Variety of Shots

ndancona

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I'd like to share some different shots I took over the past month or so. Would appreciate any kind of feedback. Thanks.

1.
$rocks soft BW sml.jpg
10 second exposure with ND8 filter, shot at sunset and converted to BW


2.
$rocks soft sml.jpg
10 second exposure with ND8 filter, shot at sunset.
3.
$chapel cosmic sml.jpg
30 second exposure and used my car headlights to light up the chapel.
4.
$hannah scooter sml.JPG
Quite happy with this gives a nice speed effect.

5.
$sunset gradient sml.JPG
For this I was trying out some cheap ND filters that I bought on ebay.

6.
$fireworks sml.jpg
Was far away for this shot and only had a 50mm lens. Happy with the composition though.
 

DGMPhotography

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Wow! These are some awesome shots. Fireworks look crisp. I love the starry one - how did you do that?! All the star pictures I've done don't have nearly as many stars, and no color of nebulae or anything. That could almost be a shot in and of itself. And the one with the girl is neat too, followed her with the camera, right? I need to try something like that. Good work!
 

Shipman

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Number 5 is my favorite, I love it
 
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ndancona

ndancona

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thanks for your comments.

With regards no.3 - the starry one, a month prior i went out to take this shot. Got back and was not happy with the results. Did some reading in these forums about celestial shots and went back to try again with much better results. The chapel is overexposed, I toned it down in Lightroom but it's still very bright. It's hard to get it right with one shot, I know that most photographers mask in their foregroud in this type of situation. The key to this shot is to find a very remote place with no light pollution, it must be super dark. Shoot RAW and boost up your ISO, don't worry about noise you can fix that in post. More than 30 seconds exposure gives you star trails so keep exposure under 30 sec. Search the forum there is a lot of really good info on here.
 

DGMPhotography

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thanks for your comments.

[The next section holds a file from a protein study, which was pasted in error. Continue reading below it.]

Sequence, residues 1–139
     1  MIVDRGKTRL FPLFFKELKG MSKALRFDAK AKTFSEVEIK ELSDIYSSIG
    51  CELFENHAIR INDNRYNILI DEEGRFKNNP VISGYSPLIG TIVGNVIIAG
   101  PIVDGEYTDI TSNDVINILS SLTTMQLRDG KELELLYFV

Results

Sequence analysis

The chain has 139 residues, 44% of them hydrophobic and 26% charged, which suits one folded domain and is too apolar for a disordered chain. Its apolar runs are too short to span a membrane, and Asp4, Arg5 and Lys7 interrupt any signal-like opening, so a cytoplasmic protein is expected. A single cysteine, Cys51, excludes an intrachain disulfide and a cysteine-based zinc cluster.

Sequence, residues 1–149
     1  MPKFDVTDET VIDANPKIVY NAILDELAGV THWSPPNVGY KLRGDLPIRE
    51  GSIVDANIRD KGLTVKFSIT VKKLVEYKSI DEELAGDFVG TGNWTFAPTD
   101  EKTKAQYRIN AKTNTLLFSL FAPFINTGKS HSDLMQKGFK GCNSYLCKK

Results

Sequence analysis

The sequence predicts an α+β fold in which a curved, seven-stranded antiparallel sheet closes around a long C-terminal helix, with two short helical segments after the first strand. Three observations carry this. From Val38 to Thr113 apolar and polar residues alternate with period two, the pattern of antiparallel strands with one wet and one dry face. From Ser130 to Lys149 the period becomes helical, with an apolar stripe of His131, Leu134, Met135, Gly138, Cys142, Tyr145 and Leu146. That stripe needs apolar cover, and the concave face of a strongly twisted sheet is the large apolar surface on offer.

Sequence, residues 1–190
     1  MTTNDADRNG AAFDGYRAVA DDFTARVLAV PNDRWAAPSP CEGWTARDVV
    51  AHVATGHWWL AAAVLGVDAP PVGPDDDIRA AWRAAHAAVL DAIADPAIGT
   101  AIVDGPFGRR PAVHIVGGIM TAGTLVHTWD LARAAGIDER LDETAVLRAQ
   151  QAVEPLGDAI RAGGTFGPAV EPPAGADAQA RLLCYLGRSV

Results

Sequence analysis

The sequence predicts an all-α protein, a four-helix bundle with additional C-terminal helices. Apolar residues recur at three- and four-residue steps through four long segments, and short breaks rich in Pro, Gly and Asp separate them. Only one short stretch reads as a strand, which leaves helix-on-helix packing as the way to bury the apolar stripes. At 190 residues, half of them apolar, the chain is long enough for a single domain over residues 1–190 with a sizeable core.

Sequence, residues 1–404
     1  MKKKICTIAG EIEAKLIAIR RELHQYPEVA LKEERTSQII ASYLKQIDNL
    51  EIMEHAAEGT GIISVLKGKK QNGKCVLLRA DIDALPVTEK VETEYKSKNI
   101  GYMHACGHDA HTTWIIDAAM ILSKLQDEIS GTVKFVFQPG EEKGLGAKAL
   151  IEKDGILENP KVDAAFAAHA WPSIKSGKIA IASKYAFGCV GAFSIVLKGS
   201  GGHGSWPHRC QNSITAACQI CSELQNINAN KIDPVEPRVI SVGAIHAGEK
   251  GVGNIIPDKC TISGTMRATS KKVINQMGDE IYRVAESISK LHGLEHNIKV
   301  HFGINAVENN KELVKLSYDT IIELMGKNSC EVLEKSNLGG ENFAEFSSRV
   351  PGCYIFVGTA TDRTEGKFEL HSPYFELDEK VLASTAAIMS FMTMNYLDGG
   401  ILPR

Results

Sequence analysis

With regards no.3 - the starry one, a month prior i went out to take this shot. Got back and was not happy with the results. Did some reading in these forums about celestial shots and went back to try again with much better results. The chapel is overexposed, I toned it down in Lightroom but it's still very bright. It's hard to get it right with one shot, I know that most photographers mask in their foregroud in this type of situation. The key to this shot is to find a very remote place with no light pollution, it must be super dark. Shoot RAW and boost up your ISO, don't worry about noise you can fix that in post. More than 30 seconds exposure gives you star trails so keep exposure under 30 sec. Search the forum there is a lot of really good info on here.

Yeah, that what I did, but I guess where I was wasn't dark enough. I thought for sure rural Tennessee would be, but perhaps not.

Off to the Mohave!
 

zombiemann

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More than 30 seconds exposure gives you star trails so keep exposure under 30 sec. Search the forum there is a lot of really good info on here.

Actually, for shooting night sky stuff "under 30 seconds" doesn't insure lack of star trails. The "rule of 500" isn't immutable, but it's a good starting point. Simply divide 500 by the focal length of your lens, round down, and that is about how long you can expose before star trails start becoming apparent. Assuming a full frame sensor. Crop frames, the formula is bit more complicated, but a google of "rule of 500 astrophotography" will lead to some good info.
 

FanBoy

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#4 is good with the movement, but to be truly successful, the girl should be more sharp. That can be tough!

#5 looks fine and is my favorite. I don't see the typical ND filter effect on the water, but it looks good!
 

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